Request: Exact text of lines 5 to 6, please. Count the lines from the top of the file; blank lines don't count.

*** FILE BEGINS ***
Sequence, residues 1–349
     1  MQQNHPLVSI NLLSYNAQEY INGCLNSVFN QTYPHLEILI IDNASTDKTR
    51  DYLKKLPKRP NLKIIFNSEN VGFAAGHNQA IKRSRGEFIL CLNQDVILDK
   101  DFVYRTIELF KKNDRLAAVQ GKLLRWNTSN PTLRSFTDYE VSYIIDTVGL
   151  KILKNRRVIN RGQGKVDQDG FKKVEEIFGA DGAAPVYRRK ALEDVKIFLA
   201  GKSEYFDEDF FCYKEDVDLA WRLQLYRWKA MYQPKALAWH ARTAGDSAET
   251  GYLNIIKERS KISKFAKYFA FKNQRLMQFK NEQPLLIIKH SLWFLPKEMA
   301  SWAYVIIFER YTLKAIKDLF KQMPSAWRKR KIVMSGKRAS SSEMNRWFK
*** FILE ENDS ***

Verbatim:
   151  KILKNRRVIN RGQGKVDQDG FKKVEEIFGA DGAAPVYRRK ALEDVKIFLA
   201  GKSEYFDEDF FCYKEDVDLA WRLQLYRWKA MYQPKALAWH ARTAGDSAET